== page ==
North Korea’s Use of Chemical Torture Alleged

Times Staff Writer

A senior North Korean chemist who defected to the South two years ago says he witnessed the government testing chemical weapons on political prisoners.

Although the chemist’s information is dated -- he says he saw one experiment personally in 1979 and heard about others until the mid-1990s -- his statements mark the first time a high-level scientist from North Korea has spoken out about human experimentation.

Similar allegations have been made before. Last month, papers said to have been smuggled out of North Korea appeared to show that prisoners were sent to a chemical complex for gas experiments in 2002. But many of the prior reports had been made by former political prisoners and guards whose credibility has been questioned.

The chemist said fear of retribution against family members still in North Korea had kept him from speaking out until now but he decided to break his silence because of the need for the world to know. He asked that his name not be published.


“It is not easy for me to speak about this because I am a criminal myself,” said the chemist, a man in his 50s, at the beginning of a halting and emotional three-hour interview last week that was arranged by a U.S.-based human rights group.

The chemist said the experiment he witnessed took place at a military prison near Pyongsong, 15 miles north of the capital, Pyongyang. At the time, he was a PhD candidate. He was invited to witness the experiment because his dissertation involved the chemical compounds being tested -- cyanide and ortho-nitrochlorobenzene.

The chemist said that the prison was known to house political prisoners. He said that they were kept in stacked cages made of concrete and wire “like rabbit hutches.” The two men in the experiment, he said, were unshaven and emaciated and “they looked barely human.” They were brought to the chamber in wheelchairs, he said. He could not determine their ages.

The chemist said the men were tested separately in a chamber with a large window on one side -- where scientists and officials observed. It was outfitted with bright lights, a speaker system that allowed the scientists to clearly hear the prisoners’ screams and a nozzle to spray the chemicals.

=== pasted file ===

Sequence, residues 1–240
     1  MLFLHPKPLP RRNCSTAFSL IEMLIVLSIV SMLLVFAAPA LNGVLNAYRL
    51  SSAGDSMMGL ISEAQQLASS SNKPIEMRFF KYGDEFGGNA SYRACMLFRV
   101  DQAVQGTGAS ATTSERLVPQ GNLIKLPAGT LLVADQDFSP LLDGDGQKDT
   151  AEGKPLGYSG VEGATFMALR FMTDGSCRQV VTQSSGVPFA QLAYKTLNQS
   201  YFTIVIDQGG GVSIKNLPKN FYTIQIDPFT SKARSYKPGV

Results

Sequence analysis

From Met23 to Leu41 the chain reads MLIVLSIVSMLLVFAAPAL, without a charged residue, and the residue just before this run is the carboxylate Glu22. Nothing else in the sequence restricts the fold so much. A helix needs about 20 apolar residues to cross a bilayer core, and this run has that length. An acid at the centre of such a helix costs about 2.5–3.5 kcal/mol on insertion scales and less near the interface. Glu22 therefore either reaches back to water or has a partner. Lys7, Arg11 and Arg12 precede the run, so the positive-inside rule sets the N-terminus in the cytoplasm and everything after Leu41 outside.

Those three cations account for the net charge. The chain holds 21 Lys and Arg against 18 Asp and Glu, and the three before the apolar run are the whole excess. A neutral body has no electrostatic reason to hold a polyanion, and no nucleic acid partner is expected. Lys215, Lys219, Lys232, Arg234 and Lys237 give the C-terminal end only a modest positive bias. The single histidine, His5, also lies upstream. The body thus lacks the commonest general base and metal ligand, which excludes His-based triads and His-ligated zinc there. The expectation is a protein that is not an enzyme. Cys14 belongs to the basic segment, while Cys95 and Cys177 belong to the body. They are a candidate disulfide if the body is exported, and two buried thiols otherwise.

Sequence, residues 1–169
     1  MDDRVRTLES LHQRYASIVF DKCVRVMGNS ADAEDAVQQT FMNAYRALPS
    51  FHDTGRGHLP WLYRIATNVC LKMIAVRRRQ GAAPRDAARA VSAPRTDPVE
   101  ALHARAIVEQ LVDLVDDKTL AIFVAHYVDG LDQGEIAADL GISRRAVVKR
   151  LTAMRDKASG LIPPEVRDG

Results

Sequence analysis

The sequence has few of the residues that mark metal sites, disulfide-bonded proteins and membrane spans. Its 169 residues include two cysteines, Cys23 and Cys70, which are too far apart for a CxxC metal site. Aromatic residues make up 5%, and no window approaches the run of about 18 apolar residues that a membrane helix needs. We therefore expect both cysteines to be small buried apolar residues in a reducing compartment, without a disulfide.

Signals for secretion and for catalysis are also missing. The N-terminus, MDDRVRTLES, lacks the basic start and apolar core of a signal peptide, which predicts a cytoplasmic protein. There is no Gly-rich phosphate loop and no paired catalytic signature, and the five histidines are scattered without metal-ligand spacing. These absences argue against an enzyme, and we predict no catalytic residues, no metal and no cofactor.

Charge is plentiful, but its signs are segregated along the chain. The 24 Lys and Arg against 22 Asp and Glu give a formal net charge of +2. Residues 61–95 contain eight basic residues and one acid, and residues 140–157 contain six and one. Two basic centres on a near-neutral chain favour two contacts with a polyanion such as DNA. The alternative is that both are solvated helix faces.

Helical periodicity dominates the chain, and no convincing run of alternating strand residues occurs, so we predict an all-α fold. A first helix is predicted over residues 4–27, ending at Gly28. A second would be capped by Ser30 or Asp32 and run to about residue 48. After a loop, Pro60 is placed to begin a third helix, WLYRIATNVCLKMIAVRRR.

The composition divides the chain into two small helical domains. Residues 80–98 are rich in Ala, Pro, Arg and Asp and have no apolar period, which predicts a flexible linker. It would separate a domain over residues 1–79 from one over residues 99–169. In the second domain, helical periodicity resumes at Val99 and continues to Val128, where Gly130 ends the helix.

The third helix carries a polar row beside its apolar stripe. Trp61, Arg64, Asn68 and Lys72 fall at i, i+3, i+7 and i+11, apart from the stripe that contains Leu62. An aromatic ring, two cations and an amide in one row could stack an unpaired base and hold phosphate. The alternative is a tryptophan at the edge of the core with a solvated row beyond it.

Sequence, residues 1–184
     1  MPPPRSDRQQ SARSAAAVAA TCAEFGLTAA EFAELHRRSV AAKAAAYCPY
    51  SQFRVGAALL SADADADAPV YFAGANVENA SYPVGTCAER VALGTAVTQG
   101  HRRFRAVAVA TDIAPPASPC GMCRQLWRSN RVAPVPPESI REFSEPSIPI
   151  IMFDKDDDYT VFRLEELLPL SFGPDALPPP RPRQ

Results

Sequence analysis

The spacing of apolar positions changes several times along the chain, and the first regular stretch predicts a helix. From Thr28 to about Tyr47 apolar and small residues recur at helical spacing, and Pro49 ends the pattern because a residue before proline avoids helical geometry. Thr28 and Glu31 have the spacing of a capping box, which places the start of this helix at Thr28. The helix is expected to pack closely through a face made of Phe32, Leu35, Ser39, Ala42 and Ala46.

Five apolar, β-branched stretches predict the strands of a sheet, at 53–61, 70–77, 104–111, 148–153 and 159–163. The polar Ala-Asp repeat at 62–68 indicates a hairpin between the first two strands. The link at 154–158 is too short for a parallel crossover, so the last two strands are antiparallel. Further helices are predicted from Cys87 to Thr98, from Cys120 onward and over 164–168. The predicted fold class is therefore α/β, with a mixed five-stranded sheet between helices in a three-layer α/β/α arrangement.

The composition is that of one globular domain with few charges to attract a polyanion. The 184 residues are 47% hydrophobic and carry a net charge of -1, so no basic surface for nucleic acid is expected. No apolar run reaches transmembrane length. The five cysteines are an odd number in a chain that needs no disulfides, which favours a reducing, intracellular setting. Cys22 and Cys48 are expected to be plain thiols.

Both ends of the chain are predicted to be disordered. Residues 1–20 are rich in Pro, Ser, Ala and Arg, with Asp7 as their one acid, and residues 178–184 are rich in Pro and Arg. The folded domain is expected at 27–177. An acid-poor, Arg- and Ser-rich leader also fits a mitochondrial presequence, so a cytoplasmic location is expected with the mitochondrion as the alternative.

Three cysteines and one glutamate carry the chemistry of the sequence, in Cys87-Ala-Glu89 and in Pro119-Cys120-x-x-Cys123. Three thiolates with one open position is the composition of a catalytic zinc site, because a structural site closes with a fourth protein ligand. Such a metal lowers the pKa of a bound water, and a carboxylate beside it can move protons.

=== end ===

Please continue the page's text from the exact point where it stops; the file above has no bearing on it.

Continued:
“One man was scratching desperately. He scratched his neck, his chest. He was wearing a gray prison uniform, and he tore it off. He was covered in blood.... I tried to look away,” said the chemist, who said he watched with other researchers from behind the glass. “I kept trying to look away. I knew how toxic these chemicals were in even small doses.”

It took three hours for each man to die, the chemist said.

“It was horrible. They were screaming and yelling.... They seemed to develop some superhuman strength before they died. I kept thinking: It is not so simple to kill a human being after all,” he said, his voice cracking. “This is not something you want to remember.”

After the men were dead, guards in gas masks and full body suits pulled the prisoners into an uncontaminated compartment of the chamber to examine them.


North Korea denied as recently as last month that it had gassed prisoners, and it is impossible to confirm the chemist’s account of the human experimentation. Other defectors have been known to exaggerate North Korean atrocities for money or to win asylum for their families. But several people active in the human rights field said they found the chemist and his story believable.

Seoul-based human rights investigator Kim Sang Hun said that so far, the chemist is the most credible witness on the issue of human experimentation.

“What he saw happened a long time ago, but he is a very senior scientist, and he is the first to describe human experimentation. We are hoping that more witnesses will have the courage to come forward and speak out,” Kim said.

Jae-Joong Nam, president of the Aegis Foundation, a human rights organization based in Ashburn, Va., that arranged the interview, said: “He is a very credible person. He has a PhD. He was a respected scientist. His story is very consistent.”


South Korea’s Unification Ministry, which oversees North Korean defectors living here, confirmed that the chemist was a senior official at a research laboratory in Hamhung, an industrial city on North Korea’s east coast well-known for its chemical factories.

After receiving his PhD, the chemist worked mainly on civilian research. But he said he learned, through a colleague, of human experimentation for chemical weapons taking place through at least 1994, when a famine plunged North Korea into chaos.

The U.S. State Department, in its annual report on human rights released last week, estimated that 150,000 to 200,000 North Koreans were held in prison camps where “conditions are extremely harsh and prisoners are not expected to live.”

Over the weekend, a Japanese TV station aired what it said was the first video footage of a North Korean labor camp to be seen abroad. At Yodok 15, near the Chinese border, prisoners in gray uniforms were shown carrying buckets hung from poles on their shoulders; the buckets were said to contain human excrement. In another scene, women were shown furtively eating cabbage leaves in a field.